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  • Two positions on licensing

    Publication Year: 2000, Page(s):154 - 155
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  • A reference model for requirements and specifications - extended abstract

    Publication Year: 2000
    Cited by:  Papers (14)
    Request permission for commercial reuse | Click to expandAbstract | PDF file iconPDF (62 KB)

    Summary form only given. The article proposes a simple abstraction of the artifacts and activities of software development (C.A. Gunter et al., 2000). Its purpose is to serve as a framework for discussion and comparison in software engineering, just as the ISO 7-Layer Reference Model has served in the networking area. The reference model is a more complete and formal treatment of some earlier work... View full abstract»

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  • Author index

    Publication Year: 2000, Page(s): 197
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  • A lightweight approach to consistency of scenarios and class models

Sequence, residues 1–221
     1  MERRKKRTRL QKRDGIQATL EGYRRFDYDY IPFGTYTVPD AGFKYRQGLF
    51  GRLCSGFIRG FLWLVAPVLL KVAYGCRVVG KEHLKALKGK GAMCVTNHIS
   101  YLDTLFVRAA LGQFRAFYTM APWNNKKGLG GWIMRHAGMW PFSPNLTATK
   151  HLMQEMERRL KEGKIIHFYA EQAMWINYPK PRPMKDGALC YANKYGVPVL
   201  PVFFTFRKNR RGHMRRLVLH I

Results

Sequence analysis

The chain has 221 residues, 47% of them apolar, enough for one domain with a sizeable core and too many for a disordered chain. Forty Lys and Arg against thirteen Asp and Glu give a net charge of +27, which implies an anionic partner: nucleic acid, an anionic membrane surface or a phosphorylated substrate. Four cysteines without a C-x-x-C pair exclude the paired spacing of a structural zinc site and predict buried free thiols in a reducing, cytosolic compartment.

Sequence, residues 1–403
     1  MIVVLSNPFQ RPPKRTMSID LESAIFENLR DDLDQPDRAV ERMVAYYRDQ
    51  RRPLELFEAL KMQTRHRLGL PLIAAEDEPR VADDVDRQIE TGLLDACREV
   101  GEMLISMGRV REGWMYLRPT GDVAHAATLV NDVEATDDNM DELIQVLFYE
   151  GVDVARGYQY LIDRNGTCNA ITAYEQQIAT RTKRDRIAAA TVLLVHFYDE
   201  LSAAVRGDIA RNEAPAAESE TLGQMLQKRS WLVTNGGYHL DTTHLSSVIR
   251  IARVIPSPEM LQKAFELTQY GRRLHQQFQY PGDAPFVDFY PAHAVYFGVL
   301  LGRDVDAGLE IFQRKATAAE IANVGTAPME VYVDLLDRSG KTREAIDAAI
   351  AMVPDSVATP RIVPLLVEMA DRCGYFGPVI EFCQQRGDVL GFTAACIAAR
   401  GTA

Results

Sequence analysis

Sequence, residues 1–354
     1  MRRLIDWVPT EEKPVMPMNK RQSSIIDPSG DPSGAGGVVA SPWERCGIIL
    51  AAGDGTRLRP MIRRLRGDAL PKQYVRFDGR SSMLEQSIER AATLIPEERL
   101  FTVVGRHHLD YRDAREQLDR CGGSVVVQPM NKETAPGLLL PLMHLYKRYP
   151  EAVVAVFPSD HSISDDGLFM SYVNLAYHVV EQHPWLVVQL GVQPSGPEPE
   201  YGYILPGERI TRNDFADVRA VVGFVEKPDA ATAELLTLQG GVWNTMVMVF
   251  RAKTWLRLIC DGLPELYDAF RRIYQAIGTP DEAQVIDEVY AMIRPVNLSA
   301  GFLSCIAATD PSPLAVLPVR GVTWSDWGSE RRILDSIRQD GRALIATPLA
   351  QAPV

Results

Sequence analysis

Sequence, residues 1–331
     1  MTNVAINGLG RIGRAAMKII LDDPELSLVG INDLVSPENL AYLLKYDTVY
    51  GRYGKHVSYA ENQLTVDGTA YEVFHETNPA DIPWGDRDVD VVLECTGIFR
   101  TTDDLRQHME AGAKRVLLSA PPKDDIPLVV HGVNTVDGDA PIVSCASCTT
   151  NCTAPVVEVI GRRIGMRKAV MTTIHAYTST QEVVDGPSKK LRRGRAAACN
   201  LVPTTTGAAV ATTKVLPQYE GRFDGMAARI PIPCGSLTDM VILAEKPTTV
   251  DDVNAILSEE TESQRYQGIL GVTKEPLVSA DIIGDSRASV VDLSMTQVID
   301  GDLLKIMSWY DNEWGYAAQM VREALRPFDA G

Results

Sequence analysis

Publication Year: 2000, Page(s):49 - 58
    Cited by:  Papers (10)
    Request permission for commercial reuse | Click to expandAbstract | PDF file iconPDF (176 KB)

    Today, object-oriented requirements specifications typically combine a scenario (or use case) model and a class model for expressing functional requirements. With any such combination, the problem of consistency between these two models arises. We present a lightweight approach to consistency between a scenario model and a class model. We assume semi-formal, loosely coupled models that are complem... View full abstract»

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  • Lightweight validation of natural language requirements: a case study

    Publication Year: 2000, Page(s):140 - 148
    Cited by:  Papers (6)
    Request permission for commercial reuse | Click to expandAbstract | PDF file iconPDF (216 KB)